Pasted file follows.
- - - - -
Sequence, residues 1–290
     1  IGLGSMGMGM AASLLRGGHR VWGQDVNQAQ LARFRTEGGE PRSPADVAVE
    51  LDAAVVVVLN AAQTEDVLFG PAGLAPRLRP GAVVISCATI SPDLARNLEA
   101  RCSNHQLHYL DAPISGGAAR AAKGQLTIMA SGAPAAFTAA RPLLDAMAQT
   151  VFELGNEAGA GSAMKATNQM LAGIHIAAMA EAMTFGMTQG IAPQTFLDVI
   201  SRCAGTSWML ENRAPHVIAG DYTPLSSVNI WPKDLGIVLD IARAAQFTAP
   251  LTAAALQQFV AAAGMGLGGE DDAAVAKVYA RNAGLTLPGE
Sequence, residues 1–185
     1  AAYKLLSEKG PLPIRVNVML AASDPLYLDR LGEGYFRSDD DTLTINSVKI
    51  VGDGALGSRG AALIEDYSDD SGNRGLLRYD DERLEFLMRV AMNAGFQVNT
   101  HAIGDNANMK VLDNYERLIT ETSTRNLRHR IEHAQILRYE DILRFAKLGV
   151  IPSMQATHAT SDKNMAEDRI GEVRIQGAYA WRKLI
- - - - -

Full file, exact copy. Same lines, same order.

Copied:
Sequence, residues 1–290
     1  IGLGSMGMGM AASLLRGGHR VWGQDVNQAQ LARFRTEGGE PRSPADVAVE
    51  LDAAVVVVLN AAQTEDVLFG PAGLAPRLRP GAVVISCATI SPDLARNLEA
   101  RCSNHQLHYL DAPISGGAAR AAKGQLTIMA SGAPAAFTAA RPLLDAMAQT
   151  VFELGNEAGA GSAMKATNQM LAGIHIAAMA EAMTFGMTQG IAPQTFLDVI
   201  SRCAGTSWML ENRAPHVIAG DYTPLSSVNI WPKDLGIVLD IARAAQFTAP
   251  LTAAALQQFV AAAGMGLGGE DDAAVAKVYA RNAGLTLPGE
Sequence, residues 1–185
     1  AAYKLLSEKG PLPIRVNVML AASDPLYLDR LGEGYFRSDD DTLTINSVKI
    51  VGDGALGSRG AALIEDYSDD SGNRGLLRYD DERLEFLMRV AMNAGFQVNT
   101  HAIGDNANMK VLDNYERLIT ETSTRNLRHR IEHAQILRYE DILRFAKLGV
   151  IPSMQATHAT SDKNMAEDRI GEVRIQGAYA WRKLI